I’ve worked in academic, community and public sectors. My strengths, passions and value-to-the-world simmer somewhere in the intersection of culture, technology, learning, community development and digital media, with an emphasis on designing experiences.
This is how I approach the world.
My PhD thesis was a reading of the Australian War Memorial in a Freirean framework – as a site for informal learning. Paulo Freire was a Brazilian educator who practised a radical notion of dialogue with students; he was co-intent on learning with them. My project explored how museums could be co-intent on learning with visitors.
Now that Web 2.0 is mainstream, the idea of a participatory museum makes ready sense. The new museology has talked the talk of community dialogue for decades. Web technology makes it technically easy to walk the walk. Action is all over the place – it’s an exciting time – yay. There remain organisational and, especially, cultural barriers to co-creation in most museums, but audience expectations may well force change. Bring it on!
I made my first websites in 1997. My intention was to make an alternative, online Australian War Memorial as part of my thesis. That didn’t eventuate, but the process was good – I’ve been employed in web publishing since 1999 (freelance, and at Adult Learning Australia, the National Archives, the National Museum and now the National Portrait Gallery). For three and a half years I was Managing Editor, Websites, at the Archives, and in that time I managed projects to produce:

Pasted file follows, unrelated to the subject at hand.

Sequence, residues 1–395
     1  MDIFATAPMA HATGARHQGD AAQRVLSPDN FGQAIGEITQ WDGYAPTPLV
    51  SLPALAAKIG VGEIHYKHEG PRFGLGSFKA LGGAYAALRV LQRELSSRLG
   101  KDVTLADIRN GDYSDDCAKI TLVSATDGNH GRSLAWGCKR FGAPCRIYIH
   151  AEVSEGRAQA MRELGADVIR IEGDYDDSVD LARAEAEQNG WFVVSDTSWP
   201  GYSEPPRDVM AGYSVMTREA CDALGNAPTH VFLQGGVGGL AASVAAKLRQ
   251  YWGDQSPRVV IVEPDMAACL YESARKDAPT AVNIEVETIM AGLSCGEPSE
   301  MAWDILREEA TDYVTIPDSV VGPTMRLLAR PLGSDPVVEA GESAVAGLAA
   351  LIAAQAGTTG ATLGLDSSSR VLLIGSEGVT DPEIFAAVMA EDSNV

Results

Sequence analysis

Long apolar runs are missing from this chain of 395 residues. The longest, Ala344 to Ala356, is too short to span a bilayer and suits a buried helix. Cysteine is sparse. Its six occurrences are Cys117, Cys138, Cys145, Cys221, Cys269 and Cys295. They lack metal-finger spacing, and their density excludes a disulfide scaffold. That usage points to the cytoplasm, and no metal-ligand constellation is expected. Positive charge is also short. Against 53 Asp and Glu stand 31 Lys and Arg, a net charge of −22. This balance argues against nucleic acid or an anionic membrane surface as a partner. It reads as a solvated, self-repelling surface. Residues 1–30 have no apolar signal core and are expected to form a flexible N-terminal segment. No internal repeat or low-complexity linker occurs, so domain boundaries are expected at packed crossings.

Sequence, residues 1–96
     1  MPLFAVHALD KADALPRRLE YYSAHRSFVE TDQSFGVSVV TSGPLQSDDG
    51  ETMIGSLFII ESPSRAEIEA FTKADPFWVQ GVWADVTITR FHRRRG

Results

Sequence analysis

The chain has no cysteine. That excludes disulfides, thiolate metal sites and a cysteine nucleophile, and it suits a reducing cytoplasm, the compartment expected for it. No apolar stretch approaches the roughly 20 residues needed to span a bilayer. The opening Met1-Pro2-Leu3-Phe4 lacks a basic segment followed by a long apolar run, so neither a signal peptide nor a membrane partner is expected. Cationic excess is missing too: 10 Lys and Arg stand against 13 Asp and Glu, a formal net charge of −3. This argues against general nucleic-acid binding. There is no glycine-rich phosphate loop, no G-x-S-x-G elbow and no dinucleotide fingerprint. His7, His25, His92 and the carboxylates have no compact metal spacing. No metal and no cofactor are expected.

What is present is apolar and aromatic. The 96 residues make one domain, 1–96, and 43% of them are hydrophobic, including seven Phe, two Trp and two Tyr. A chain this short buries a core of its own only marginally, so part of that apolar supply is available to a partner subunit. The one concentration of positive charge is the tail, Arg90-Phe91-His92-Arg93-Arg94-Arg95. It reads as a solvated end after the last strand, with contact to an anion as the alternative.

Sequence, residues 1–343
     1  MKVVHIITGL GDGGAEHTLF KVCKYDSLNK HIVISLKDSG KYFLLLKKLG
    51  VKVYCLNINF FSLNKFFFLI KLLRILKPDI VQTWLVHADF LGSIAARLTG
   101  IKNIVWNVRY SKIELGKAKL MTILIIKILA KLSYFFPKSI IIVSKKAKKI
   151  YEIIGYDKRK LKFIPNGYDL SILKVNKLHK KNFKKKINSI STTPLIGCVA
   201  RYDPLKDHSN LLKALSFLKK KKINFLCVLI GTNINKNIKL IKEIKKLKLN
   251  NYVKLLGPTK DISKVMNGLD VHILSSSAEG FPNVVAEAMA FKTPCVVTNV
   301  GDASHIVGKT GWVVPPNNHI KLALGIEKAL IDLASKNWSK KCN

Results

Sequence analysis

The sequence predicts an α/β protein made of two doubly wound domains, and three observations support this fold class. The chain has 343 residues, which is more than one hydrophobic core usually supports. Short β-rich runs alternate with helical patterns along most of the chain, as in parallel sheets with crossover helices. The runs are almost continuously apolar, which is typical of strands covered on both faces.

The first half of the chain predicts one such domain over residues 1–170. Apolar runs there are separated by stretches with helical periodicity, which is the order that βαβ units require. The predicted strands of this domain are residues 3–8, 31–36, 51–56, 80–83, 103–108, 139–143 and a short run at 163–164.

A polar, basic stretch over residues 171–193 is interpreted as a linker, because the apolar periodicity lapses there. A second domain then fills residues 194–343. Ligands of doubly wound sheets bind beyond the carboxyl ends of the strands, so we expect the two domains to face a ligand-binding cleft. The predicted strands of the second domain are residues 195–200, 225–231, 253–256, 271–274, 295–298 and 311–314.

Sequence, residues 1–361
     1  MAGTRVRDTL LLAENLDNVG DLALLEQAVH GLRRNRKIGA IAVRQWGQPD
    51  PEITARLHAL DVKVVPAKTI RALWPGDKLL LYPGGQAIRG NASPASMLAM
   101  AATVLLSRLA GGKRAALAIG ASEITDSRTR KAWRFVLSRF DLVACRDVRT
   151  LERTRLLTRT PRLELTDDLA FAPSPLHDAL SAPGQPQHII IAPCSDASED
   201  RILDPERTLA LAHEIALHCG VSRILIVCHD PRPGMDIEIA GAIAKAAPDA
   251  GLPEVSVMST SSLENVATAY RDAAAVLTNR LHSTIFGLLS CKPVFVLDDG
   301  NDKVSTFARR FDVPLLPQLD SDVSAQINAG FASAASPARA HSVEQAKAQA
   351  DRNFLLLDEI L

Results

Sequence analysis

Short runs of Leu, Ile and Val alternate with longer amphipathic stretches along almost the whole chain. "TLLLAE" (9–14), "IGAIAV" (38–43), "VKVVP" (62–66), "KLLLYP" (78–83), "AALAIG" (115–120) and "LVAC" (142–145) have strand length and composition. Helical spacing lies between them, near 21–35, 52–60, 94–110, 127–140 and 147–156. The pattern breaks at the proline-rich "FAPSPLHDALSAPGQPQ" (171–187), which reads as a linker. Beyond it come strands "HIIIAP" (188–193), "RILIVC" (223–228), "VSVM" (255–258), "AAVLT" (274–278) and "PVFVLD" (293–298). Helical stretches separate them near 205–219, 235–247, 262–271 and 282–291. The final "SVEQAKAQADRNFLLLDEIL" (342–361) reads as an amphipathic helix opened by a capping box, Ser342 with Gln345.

- Mapping our Anzacs – ‘Best archives website’ in the 2009 Best Archives on the Web Awards / highly commended at the 2009 Mander Jones Awards
- Muslim Journeys – ‘Best publication that uses, features or interprets Australian archives’ at the 2008 Mander Jones Awards
- Faces of Australia – ‘Best in class’ at the 2009 Interactive Media Awards
I remain awed and excited by the possibilities of web technology for personal and community development.
I am a talented strategic, creative and visual thinker; a highly-skilled researcher, writer, and editor; and a capable project manager. In my work in the field of digital culture, all of those are useful.
I like to draw and make.
Putting it all together
My intent is to weave my intellectual, technical and creative threads together – to design powerful, aesthetic (as opposed to anaesthetic!) experiences for people to engage with culture and history.
To that end, in 2010 I
embarked on a course in took some classes in digital design, which in itself is a design marvel. Students come from various design fields – architecture, graphic design, media arts and so on – to learn ‘procedural literacy’. We work with the raw material of digital processes (data and algorithm) to create form, and then apply those techniques to a specialist design field – in my case, cultural experience design. It’s good.
Dialogue Architect, Sembl
Since April 2012 I have been actively, independently working to create a web-networked form of Sembl, the game of resemblance.